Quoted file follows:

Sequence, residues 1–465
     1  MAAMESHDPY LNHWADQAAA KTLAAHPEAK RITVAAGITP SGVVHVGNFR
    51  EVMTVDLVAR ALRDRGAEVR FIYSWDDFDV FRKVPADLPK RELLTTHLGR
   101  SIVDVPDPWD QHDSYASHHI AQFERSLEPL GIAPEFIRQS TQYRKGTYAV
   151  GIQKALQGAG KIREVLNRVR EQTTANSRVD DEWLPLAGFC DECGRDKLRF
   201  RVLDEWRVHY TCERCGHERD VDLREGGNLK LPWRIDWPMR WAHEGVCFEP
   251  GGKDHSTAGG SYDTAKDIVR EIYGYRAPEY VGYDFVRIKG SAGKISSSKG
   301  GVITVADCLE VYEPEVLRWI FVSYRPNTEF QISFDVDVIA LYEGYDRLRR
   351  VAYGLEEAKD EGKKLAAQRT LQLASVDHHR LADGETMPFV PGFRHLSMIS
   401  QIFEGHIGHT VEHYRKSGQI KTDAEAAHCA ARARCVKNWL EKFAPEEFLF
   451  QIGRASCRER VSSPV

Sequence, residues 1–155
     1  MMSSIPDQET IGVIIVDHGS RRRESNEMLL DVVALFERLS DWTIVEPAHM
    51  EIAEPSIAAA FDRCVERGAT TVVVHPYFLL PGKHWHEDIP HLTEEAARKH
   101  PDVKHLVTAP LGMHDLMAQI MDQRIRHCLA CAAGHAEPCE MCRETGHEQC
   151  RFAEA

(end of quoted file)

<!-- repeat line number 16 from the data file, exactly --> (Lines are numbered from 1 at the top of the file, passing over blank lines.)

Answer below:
   151  RFAEA